Writing 4.361: Games We Play

People tend to believe the world is a fair and just place, until hitting the harsh reality.

Here is a case in mind. Our administrators have been enjoying the wild ride for quite a while. They do what they please, reward their cronies, penalize who dare to challenge. The violations go one without real check. Last year, one faculty who cannot speak just got promotion, because he is their guy. This allows him to continue ruin students. Another faculty who has published zero got all the goodies and stayed for eight years, wasting taxpayers over a million of dollars. 

But they are running out of luck. Last year, we elected a new faculty chair, a seemingly harmless Asian guy. He turns out to be the show stopper. Two months into his tenure, he organized the faculty coupe to outer the provost. The provost tried several measurers, but eventually sees the inevitability. To avoid immediate embarrassment, he choose to step down by the end of June.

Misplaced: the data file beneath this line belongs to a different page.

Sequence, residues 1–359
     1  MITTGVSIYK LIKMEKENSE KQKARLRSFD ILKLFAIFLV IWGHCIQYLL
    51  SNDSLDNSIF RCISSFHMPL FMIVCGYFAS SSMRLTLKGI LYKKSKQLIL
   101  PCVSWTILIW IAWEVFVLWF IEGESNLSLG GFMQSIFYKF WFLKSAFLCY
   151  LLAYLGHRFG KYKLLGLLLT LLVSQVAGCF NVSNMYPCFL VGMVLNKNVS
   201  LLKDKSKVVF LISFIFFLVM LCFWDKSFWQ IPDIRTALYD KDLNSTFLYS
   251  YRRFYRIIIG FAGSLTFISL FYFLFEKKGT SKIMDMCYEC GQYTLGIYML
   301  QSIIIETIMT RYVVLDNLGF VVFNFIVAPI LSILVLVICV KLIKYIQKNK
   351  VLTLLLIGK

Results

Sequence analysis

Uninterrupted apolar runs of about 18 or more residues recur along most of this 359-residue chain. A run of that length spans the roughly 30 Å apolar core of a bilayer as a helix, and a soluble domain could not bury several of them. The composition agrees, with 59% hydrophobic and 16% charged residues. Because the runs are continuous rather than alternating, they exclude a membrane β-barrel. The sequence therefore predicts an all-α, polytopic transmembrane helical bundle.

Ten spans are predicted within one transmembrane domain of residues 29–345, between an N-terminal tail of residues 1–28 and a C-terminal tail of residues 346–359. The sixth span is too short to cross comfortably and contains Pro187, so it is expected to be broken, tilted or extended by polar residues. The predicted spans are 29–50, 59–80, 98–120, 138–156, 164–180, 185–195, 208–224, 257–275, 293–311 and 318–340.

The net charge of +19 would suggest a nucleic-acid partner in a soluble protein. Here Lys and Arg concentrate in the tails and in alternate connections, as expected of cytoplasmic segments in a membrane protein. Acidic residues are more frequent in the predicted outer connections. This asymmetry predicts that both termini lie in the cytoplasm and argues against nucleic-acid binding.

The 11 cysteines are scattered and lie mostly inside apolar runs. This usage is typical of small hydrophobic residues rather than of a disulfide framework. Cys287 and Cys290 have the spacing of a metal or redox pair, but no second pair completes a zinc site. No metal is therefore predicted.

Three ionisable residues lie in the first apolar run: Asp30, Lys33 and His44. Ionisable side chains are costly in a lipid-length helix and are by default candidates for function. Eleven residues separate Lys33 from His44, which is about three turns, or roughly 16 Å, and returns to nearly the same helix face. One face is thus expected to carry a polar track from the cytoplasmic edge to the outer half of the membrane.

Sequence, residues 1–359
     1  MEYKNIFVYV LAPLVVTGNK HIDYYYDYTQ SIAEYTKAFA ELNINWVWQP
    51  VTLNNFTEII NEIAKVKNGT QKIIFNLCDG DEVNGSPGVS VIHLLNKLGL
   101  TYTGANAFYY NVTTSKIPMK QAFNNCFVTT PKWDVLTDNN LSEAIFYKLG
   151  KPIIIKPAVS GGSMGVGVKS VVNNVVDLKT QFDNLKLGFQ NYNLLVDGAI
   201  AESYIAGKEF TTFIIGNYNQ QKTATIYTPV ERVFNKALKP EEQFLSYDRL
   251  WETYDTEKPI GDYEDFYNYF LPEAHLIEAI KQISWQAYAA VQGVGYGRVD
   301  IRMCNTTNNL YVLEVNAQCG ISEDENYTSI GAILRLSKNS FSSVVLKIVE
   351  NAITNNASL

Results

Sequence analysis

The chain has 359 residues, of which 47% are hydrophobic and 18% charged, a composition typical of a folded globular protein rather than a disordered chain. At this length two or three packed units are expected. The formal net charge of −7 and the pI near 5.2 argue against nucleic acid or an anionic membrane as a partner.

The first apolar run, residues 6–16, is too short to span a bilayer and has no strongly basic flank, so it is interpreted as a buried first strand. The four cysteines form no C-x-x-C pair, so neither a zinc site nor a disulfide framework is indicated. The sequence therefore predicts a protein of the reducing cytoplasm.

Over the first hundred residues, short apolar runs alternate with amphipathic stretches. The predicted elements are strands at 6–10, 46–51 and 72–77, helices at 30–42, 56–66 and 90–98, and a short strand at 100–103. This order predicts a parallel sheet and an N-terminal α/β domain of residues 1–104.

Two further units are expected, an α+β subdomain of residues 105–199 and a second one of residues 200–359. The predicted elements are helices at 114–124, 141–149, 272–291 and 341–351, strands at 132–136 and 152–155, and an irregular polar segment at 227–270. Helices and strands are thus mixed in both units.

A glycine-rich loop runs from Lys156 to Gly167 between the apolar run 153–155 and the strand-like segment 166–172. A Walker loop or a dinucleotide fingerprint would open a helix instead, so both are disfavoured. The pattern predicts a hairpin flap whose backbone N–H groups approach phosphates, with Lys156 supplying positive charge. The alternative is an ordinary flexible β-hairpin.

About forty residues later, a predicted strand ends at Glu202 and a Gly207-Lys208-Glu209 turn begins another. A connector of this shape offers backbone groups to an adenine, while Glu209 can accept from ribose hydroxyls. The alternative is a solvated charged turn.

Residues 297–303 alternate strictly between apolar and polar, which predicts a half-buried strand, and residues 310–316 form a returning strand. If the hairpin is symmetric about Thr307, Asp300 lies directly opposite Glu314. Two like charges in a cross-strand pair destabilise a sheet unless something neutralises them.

These dramas are at the university level, and should have not affected our school much. But in his final attempt to stay in power, the provost finally appointed a committee to investigate our dean. We have doubted that the committee is just another token show.

But now it seems all real: the provost intends to sacrifice our dean to save himself. This week, our dean eliminated two directors in the graduate office—they know too much of his fishy deals. One of them is a competent Polish guy, who sincerely cares about students.  Unfortunately, no one is real safe in this politicized place. His layoff is neither expected, nor preventable: the election of new faculty chair eventually leads to his layoff.

So, get real: the world is never a fair and just place. You got to watch out for yourself.

 

election

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Writing 4.361: Games We Play

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